I attended the first Mets game ever played at Citi Field, an exhibition against the Red Sox. I wandered into the Caesar’s Club that night, an enclosed bar/restaurant area behind home plate. There I saw people who got what they thought they wanted, a first class modern facility to replace outmoded, crumbling Shea Stadium, only to feel immensely confused. They were people uncomfortable with comfort. One man lowered himself into a lounge chair slowly, as if he was afraid it would disappear if he moved too fast.

Some say the iconic phrase coined by Tug McGraw in 1973, Ya gotta believe!, was originally said in jest to mock an exec making a lame clubhouse pep talk, that it only became a rallying cry when the Mets went from worst to first at the tail end of that season. I’d like to think this is true. It says so much about the people who choose to follow the Mets. It is a joke always threatening to become serious.

I like that when I left Citi Field on Sunday, the last game of the season, readying myself for a long winter, I caught a brief glimpse of something over the Promenade roof. I could see the relics of the World’s Fair in the distance, the Unisphere and the NY State Pavilion and the cone of a spaceship that once circled this earth and came back again. Those structures rose alongside Shea Stadium, at a time when people—in Queens of all places—still believed in the future.

Me, Elsewhere: John Rocker and Johan Santana, Together At Last

I wanted to alert loyal Scratchbomb readers to a couple of posts I’ve penned elsewhere that went up in the last few days. First, for Vice, a look at creep ne plus ultra John Rocker, who’s just released his long awaited (by no one) memoirs entitled Scars and Stripes. (GET IT?) Rocker’s been making the rounds withe bottom-barrelest right wing news sites, and one such profile was the inspiration for my piece. Spoiler alert: I’m not a big fan!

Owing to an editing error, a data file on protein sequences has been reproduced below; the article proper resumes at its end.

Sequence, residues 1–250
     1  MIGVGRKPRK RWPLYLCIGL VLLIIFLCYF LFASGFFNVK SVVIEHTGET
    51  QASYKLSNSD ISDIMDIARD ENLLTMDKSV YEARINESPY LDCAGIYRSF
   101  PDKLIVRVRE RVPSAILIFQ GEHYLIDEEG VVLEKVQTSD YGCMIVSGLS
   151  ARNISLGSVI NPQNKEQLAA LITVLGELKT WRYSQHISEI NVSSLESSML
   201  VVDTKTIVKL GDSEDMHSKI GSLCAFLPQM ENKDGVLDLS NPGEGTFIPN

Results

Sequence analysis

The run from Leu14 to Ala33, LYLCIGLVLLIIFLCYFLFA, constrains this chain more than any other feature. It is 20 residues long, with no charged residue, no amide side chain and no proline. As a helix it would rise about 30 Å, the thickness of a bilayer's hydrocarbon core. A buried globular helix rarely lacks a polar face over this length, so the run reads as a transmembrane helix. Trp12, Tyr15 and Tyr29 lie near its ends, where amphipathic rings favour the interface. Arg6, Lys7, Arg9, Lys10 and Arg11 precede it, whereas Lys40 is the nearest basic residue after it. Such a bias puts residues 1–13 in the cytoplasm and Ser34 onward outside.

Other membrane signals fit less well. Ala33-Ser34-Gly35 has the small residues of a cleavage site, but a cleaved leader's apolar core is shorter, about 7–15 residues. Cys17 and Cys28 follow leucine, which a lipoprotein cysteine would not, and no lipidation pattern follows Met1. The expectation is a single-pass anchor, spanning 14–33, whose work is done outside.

One thing I’d completely forgotten about when I wrote this article (which is just as well, since it probably wouldn’t have fit) is how half-assed Rocker’s “apology” was when he came to New York for the first time after his infamous Sports Illustrated profile. While doing my research for Yells For Ourselves, I rediscovered coverage of his return to NYC, and it’s sickening how much he tries to weasel out of saying he’s sorry, like he’s Racist Fonzie.

Rocker recorded a video they played on Diamond Vision at Shea in which he said, among other things, “Many people perceived these comments to be malicious, and for this again I apologize.” In other words, It’s YOUR fault for being offended. “I am not the evil person that has been portrayed.” It’s the media’s fault for reporting exactly what I said.

Rocker’s the kind of bully who, if you punched him back, would run to the principal and insist you started the altercation. I realize that writing about him at all is just fuel for his warped fire, but good lord, he cannot fall off the face of the earth fast enough for me.

I also took time to write about non-horrible people. Last week, the Mets finally saw one of their pitchers throw a no hitter. Maybe you heard about it? It was a cause for much rejoicing, which is why I was so perturbed by a post at Deadspin that wondered if Mets fans wished another pitcher had done it. I disagree strenuously with that premise for several reasons. To find them all out, you’ll have to read this post I did for The Classical. Or, barring that, have someone read it to you.

Speaking of which, Jon Stewart’s piece on The Daily Show about attending Johan’s no-no with his family was heartwarming in a Jon Stewart-y sort of way. When it comes to baseball + children, I can get embarrassingly sentimental. This ESPN ad still brings a tear to the eye, and every time a broadcast shows a dad with a small kid in the stands, I get all misty. I’m sure the same is true for many parents who also sublimate their emotions into sporting events. Go team!

Me, Talkin Bout the Mets at Hofstra

So, there is a Mets 50th Anniversary Conference this weekend at which a whole bunch of awesome people will be presenting a wide range of papers, presentations, and discussions about the team from Queens. It will include ex-Mets like Buddy Harrelson, Rusty Staub, and Ed Kranepool, scribes like George Vecsey, bloggers like Greg Prince, and me.